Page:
Havana is very much in keeping with how socially driven illness outbreaks, such as a mass psychogenic illness, spread, she says. "Headaches and dizziness are common problems, and doctors don't always have a specific explanation for them. Once a new explanation becomes available for any medical complaint, it will be used by new sets of people to explain their own experience." People look for symptoms, and the media accelerate the spread.
From an early stage of Havana's apparent spread, experts said no such microwave weapon was known to exist, and medical experts were equally clear that sound did not, and probably could not, cause brain damage or persistent injury to the central nervous system. The symptoms of Havana's patient zero – dizziness, hearing impairment, fatigue – differed from those of the cases that followed but acted as a template.
The story was politically convenient and an exciting tale of spycraft and conspiracy.
"False beliefs, like the certainty of the existence of a sonic weapon, are at the heart of the development of many functional disorders. They create the expectations of illness that code themselves into the brain."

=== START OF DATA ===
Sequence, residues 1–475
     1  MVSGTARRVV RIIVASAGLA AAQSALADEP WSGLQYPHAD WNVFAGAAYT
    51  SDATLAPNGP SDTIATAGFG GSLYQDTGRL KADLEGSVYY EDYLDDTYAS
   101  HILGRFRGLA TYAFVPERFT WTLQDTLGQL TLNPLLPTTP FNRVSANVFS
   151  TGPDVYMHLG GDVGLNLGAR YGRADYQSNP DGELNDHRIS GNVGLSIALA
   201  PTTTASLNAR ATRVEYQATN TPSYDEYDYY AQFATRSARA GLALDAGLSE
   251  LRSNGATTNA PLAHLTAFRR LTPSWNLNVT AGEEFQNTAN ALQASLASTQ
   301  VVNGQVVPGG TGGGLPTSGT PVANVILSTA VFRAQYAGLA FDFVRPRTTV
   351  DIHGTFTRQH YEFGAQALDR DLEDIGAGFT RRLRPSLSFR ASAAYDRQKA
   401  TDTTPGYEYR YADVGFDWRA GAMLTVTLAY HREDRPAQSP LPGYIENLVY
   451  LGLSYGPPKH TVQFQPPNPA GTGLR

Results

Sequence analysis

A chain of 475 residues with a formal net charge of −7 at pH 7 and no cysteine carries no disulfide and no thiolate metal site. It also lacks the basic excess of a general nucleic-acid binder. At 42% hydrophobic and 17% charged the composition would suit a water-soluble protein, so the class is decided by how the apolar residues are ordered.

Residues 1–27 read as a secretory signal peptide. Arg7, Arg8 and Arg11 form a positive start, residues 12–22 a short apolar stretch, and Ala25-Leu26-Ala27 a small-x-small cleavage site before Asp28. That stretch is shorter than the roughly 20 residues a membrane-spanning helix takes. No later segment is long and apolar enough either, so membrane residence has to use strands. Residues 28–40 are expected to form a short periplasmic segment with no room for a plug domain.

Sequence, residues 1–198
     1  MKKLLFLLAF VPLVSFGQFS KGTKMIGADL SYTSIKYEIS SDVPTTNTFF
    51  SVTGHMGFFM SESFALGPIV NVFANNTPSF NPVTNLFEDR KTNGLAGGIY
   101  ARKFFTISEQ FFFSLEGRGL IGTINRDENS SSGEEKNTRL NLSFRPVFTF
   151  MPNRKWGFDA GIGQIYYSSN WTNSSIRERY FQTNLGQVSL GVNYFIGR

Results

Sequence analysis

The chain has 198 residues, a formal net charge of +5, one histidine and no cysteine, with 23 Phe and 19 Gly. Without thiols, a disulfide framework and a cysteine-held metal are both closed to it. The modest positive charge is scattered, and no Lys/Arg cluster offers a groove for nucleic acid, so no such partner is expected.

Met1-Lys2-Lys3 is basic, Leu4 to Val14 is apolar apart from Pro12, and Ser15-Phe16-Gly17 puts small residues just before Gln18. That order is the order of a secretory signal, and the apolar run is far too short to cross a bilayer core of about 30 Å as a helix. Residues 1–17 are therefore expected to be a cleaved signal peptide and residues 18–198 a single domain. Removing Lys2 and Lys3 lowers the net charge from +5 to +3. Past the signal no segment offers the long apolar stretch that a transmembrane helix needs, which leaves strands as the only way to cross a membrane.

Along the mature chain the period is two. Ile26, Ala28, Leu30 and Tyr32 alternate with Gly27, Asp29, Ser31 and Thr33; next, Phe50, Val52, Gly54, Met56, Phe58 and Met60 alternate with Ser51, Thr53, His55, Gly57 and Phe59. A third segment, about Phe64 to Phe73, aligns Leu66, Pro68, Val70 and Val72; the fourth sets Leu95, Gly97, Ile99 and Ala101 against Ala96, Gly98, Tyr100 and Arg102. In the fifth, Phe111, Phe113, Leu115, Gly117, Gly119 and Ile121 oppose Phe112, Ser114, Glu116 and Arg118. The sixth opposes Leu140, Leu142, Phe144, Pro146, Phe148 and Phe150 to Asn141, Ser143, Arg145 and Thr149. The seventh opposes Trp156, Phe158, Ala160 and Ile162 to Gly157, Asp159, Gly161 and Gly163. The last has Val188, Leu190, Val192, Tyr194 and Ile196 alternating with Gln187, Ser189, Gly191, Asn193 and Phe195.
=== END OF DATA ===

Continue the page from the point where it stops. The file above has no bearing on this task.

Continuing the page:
It is possible the first person was attacked in some way, O'Sullivan says. Or they could have developed the problems and associated them with an odd sound, in a case of recall bias. Or perhaps patient zero's illness was psychosomatic from the start, created by the anxiety of a suspected attack.
"Functional neurological disorders are usually anatomically and biologically impossible, a feature that is often central to making the diagnosis. The symptoms come from the unconscious and are based on people's understanding of how the body works – but those understandings are usually inaccurate."
The sympathy gulf